So we have Tornielli's recent story of Limes publishing excerpts from a diary on the conclave and we have my remembrances and Magister's analysis of Limes publishing excerpts from a diary on the conclave. Comparing the details of what the diary said in Tornielli's story to those from Magister make it clear to me that the Limes diary cited by Tornielli is the same as the one from long ago.

Why is Andrea Tornielli bringing up an article from six years ago about a diary that one of the most eminent of his colleagues showed to be most likely fake, a clumsy attempt to undermine the new pope's support?

Friday, July 15, 2011

Poor Timing

Magister has this article up today about Cardinal Bertone's efforts to secure control of two hospitals in Italy to build a Catholic medical hub. One of them is already controlled by the Italian bishops' conference and is basically a turf war over who gets to be on the board.

The other hospital, the San Raffaele, Magister describes as follows:

The San Raffaele is a massive, cutting-edge medical center, founded and headed in Milan by a priest, Luigi Maria Verzé, which does not, however, have anything in its statutes binding it to the Church, nor much that is Catholic in what it does.

Suffice it to say that artificial fertilization, which is condemned by the Church, is practiced there, and that in its highly modern laboratories experiments are conducted without any regard for the ethical criteria affirmed by the magisterium.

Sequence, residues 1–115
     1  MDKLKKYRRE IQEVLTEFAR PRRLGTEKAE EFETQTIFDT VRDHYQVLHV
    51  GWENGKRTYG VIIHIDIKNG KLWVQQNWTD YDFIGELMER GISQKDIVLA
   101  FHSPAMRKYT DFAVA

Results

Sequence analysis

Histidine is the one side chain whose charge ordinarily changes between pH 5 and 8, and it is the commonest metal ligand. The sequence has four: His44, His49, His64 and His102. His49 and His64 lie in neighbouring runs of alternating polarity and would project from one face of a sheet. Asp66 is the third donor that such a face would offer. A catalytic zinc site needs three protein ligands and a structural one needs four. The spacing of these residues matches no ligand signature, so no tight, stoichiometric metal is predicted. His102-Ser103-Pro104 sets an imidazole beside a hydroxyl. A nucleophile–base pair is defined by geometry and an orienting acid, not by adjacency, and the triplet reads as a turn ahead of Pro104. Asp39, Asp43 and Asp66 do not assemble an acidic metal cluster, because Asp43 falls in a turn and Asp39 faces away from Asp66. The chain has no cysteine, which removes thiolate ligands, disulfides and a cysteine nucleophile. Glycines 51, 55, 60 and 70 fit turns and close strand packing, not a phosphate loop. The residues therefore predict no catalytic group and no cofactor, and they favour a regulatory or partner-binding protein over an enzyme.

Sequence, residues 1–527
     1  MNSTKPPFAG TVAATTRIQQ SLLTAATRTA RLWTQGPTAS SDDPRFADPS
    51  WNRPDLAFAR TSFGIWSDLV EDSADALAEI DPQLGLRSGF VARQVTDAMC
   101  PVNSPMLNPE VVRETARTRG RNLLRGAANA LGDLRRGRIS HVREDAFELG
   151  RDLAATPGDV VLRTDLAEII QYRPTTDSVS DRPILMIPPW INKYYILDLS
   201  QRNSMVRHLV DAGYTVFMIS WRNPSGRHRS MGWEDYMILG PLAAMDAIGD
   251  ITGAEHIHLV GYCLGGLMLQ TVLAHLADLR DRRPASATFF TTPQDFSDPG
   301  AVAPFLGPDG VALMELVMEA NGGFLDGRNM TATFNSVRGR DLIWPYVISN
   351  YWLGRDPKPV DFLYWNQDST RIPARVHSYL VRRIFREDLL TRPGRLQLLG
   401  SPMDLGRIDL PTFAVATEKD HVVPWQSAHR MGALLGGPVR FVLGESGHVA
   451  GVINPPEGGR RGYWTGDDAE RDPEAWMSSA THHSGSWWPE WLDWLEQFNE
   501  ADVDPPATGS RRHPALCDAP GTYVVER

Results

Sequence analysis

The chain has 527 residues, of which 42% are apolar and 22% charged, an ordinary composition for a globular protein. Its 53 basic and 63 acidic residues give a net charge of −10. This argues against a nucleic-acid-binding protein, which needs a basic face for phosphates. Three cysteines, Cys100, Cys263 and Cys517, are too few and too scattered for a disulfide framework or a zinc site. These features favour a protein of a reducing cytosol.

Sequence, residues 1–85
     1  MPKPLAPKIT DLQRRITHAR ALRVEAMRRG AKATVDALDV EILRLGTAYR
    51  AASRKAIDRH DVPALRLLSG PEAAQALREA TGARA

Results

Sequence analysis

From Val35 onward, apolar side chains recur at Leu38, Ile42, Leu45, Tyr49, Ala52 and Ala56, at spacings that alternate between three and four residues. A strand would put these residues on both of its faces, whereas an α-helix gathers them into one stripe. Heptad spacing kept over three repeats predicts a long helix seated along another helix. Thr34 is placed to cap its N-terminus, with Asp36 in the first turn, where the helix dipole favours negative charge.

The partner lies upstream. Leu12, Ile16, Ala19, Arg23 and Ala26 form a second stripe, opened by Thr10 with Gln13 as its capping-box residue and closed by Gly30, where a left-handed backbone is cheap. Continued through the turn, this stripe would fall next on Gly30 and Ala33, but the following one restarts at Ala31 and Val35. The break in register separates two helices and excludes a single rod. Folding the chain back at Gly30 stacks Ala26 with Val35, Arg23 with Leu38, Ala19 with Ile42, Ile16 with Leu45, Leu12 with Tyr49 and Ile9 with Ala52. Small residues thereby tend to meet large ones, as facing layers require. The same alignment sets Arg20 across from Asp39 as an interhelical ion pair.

Not only that. In the connected Università Vita-Salute, dedicated to humanistic studies, philosophy, theology and scientific subjects are taught by professors who are in glaring contrast with the Catholic vision, from Emanuele Severino to Massimo Cacciari, from Roberta De Monticelli to Vito Mancuso, from Edoardo Boncinelli to Luca Cavalli-Sforza.

Fr. Verzé himself has repeatedly worried the Catholic hierarchy, with statements that could be taken as supporting euthanasia or the use of embryos.

Bertone's offer to take the San Raffaele, which is on the brink of bankruptcy thanks to its massive debt to the tune of a billion euros:

The IOR said that it was ready to provide 200 million euros immediately, while one billion over 3-5 years would be guaranteed by an international "charity" still shrouded in mystery (the financier George Soros has denied being part of the deal).

In exchange, Cardinal Bertone has demanded seats on the administrative board of the Mount Tabor Foundation, which governs the entire complex, of four of his proteges...

I am going to take a wild stab in the dark and guess that the "charity" to be named is the holding company of the Legion of Christ with its billions now under the control of a papal delegate.